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Longevity Fitness, in a surprise move, abruptly closes doors

Women who arrived at Longevity Fitness Club and Spa at 650 12th St. last week to work out or meet friends were surprised to find the doors locked and the building dark.

Longevity member Sue Smith stands outside the shuttered club.

For more than 20 years, Longevity has been the only health club in Vero Beach exclusively for women.
The gym’s dozen or so employees first found out something was amiss when their automatic-deposit paychecks were marked “pending” and then “deleted” from their bank statements, leaving them unpaid from mid-July to mid-August, according to an employee who wishes to remain anonymous.

The same source said the manager, Alicia Castillo, abruptly decided to lock the doors last Thursday rather than let employees continue to work for no pay.
Longevity’s phone number, 772-778-6800, is still answered with a voicemail message that sounds as if the business is operating. Callers are invited to leave a message and are promised a call back within 24 hours.
“Last year the business was sold to Atec Fitness, Inc., a corporation owned by Mr. Austin Thomas, who owns and operates healthcare facilities in North Carolina,” said broker Billy Moss of Lambert Commercial Real Estate. “Unfortunately, Mr. Thomas has had personal problems and closed the facility.”
Thomas must have seen problems coming because, Moss said, Thomas hired him to list the business for sale four months ago, with an asking price of $79,000.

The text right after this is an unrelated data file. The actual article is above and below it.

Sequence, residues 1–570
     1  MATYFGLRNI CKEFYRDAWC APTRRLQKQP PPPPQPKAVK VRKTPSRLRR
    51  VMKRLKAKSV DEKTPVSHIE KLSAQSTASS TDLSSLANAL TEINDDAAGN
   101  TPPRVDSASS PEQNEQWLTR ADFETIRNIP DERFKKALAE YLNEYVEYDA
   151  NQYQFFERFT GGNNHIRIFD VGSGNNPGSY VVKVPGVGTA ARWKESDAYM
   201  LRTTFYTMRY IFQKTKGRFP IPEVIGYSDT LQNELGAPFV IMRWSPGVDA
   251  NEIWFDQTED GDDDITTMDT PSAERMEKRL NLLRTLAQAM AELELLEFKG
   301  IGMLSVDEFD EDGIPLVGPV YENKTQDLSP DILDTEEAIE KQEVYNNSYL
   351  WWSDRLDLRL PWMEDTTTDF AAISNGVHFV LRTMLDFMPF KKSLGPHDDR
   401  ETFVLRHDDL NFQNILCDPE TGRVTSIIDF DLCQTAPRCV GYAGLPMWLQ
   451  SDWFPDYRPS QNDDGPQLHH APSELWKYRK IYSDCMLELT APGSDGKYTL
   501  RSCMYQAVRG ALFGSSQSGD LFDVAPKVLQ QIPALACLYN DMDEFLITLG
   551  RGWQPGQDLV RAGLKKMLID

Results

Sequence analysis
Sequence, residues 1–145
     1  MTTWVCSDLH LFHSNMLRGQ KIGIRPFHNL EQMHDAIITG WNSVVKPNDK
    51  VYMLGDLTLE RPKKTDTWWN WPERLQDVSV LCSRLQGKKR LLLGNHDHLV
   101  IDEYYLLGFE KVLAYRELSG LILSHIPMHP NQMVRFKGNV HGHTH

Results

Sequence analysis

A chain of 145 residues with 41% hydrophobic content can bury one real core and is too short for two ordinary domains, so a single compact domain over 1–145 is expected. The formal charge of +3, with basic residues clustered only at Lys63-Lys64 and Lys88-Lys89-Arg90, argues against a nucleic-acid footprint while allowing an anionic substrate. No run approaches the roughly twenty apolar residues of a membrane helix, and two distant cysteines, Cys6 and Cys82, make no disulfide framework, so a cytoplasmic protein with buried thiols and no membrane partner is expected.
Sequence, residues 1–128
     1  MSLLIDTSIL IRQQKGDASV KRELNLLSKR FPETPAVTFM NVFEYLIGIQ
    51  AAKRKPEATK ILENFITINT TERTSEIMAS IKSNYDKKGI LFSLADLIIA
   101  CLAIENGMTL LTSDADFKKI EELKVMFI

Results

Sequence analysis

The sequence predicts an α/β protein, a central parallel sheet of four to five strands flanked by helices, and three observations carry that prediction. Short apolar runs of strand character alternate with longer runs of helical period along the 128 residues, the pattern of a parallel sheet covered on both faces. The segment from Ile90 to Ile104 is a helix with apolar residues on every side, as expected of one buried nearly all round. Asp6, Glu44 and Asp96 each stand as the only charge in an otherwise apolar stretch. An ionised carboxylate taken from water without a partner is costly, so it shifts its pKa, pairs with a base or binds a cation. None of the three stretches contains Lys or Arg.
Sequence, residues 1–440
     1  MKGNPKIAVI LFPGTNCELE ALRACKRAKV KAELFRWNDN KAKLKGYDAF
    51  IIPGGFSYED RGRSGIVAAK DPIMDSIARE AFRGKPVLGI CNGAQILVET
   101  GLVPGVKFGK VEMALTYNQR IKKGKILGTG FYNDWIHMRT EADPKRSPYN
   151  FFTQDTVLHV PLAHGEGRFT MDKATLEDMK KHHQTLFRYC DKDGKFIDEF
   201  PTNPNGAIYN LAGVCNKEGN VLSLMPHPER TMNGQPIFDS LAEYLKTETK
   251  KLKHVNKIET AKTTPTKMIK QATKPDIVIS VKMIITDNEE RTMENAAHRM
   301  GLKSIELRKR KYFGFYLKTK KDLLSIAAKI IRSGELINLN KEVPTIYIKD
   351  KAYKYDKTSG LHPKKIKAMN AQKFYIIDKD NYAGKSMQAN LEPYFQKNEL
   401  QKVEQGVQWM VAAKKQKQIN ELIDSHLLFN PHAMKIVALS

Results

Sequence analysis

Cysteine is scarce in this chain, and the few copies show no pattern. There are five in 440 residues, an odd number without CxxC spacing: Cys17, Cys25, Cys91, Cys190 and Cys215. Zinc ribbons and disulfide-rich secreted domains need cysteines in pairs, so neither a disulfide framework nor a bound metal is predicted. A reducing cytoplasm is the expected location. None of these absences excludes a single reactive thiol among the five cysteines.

Richard Barattini, who previously owned the company and still owns the large building, also gave Moss permission to sell the business.
“I have several local people interested in what amounts to a great opportunity to own and operate the only ladies’ health club in the area,” Moss said. “I expect the club will reopen soon.”
Neither Barattini nor Thomas could be reached for comment.
Max Fitness, owned by Bonnie and Stephen Pfiester, which is within walking distance of Longevity at 970 14th Ln., has offered to honor all Longevity memberships at no additional cost.
“It’s enough stress to get out of your routine. We just feel if we can take away any additional stress, if we do the right thing, then God will take care of us,” Bonnie Pfiester said. The husband and wife were 50 percent partners with Longevity when Barattini owned it from 2003 to 2011, acting as the onsite managers and operators.
About a dozen women have taken the Pfiesters up on their offer to work out at Max Fitness.
Like Longevity, Max Fitness offers free child care, which will be helpful to Longevity members with children.
Pfiester admitted her health club doesn’t have all the perks that the nearly 13,000-square-foot Longevity offered, such as an all-women atmosphere and a café and smoothie bar seating 30.
“It was a special place,” she said of the shuttered gym.

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